Dental Insurance – Part I
“Coverage by contract whereby one party undertakes to indemnify or guarantee another against loss by a specified contingency or peril.” This is one of the definitions found on www.merriam-webster.com for the word “Insurance”. How does this apply to you and your dentist? Let’s break it down:
Almost all the people in our practice that have dental insurance have acquired it through their employer. For some, it is included in what they pay monthly for their medical insurance. For others, it is a separate deduction in their paystub. The next entry will address the question “What do I get for my dental insurance premiums?”
What do you get for your dental insurance premiums? The answer very much depends on the type of insurance you or your employer have purchased, and how the policy is structured.
Your dental insurance premium buys you a certain amount of coverage for one year. This amount is usually referred to as the policy’s annual maximum, and varies by policy. I’ve seen it as low as $500 per year to as high as $3000 per year, but the majority of them are either $1000 or $1500. A dental insurance company will pay out on your claims up to this dollar amount. It’s worth noting that even though the cost of dental care has increased over the years, the annual maximums that dental insurance companies have provided have remained the same since the late 1960’s!
A quick example: let’s say you need a crown. The dentist will charge $1200 for the crown, and your dental insurance will contribute half the amount (50% for a major service). That means afterwards you will have $400 left for the year ($1000 maximum – $600 reimbursement). If you need to have another crown done, then your reimbursement will be for only $400, not $600 like last time. They will contribute nothing to any subsequent crowns.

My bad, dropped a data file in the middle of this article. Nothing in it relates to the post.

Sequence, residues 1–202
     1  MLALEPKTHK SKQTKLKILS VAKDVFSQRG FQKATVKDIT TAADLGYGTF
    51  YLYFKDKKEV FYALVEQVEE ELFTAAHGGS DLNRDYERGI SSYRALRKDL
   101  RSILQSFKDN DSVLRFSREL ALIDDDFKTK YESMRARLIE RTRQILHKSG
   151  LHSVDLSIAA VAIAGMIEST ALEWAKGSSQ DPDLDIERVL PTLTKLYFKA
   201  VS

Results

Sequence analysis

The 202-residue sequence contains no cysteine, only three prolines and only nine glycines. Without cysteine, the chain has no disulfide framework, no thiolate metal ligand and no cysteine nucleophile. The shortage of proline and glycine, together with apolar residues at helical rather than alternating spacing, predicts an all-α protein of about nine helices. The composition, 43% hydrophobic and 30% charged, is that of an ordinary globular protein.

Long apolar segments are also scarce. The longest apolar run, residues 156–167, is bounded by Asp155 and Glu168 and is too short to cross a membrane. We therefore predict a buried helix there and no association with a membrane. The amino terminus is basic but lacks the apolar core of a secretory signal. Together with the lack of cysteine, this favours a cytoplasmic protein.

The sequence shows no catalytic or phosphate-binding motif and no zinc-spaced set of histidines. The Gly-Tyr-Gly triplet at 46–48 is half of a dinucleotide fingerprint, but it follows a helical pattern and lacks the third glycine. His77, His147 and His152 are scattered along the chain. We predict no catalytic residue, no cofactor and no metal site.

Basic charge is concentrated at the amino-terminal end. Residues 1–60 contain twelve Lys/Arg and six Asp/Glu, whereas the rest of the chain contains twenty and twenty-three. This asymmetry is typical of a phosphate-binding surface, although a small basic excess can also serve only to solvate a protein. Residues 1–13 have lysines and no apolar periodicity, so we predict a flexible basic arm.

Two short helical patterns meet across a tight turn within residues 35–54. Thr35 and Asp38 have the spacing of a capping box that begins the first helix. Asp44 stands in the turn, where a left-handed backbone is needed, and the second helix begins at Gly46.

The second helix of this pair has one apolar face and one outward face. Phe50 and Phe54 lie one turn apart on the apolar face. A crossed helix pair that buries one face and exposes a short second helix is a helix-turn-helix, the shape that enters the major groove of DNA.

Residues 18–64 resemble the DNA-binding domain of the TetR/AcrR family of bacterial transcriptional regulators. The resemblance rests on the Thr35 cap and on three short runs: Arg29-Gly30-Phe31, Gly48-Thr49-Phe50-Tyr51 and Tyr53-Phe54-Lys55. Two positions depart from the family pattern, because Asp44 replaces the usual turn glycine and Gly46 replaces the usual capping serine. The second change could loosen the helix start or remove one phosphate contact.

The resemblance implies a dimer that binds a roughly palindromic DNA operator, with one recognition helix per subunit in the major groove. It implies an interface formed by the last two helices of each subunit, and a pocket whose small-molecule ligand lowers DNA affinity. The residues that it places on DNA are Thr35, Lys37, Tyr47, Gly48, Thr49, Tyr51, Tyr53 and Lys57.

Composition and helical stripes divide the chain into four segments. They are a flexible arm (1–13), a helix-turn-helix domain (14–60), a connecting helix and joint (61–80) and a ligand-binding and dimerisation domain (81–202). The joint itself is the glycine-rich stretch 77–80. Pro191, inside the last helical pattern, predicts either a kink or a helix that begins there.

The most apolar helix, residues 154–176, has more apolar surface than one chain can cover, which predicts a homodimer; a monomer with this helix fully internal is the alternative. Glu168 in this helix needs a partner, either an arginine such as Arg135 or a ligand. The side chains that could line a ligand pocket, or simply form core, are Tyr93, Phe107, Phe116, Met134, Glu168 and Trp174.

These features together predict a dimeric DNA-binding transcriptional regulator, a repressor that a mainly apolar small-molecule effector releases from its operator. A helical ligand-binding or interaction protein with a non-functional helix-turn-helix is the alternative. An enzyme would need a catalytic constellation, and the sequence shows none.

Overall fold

Maybe your policy has no annual maximum, which would suggest to me that it is based on a schedule of benefits. These policies have a listing of procedures (the schedule) that the dental insurance company will recognize and reimburse. However, the reimbursement amounts are often less than ideal. A very general example would be the crown for $1200 having a scheduled benefit of, say, $300. You could have five of them done, and each time the dental insurance would contribute $300.
In the 1970’s these annual maximums took care of a lot of dental work. The dental insurance plan was designed at that time to be quite generous. As mentioned earlier though, those maximums have not kept up with the economic times. Had they, then dental insurance companies would be offering an annual maximum of $5500 instead of $1000, or $8250 instead of $1500.1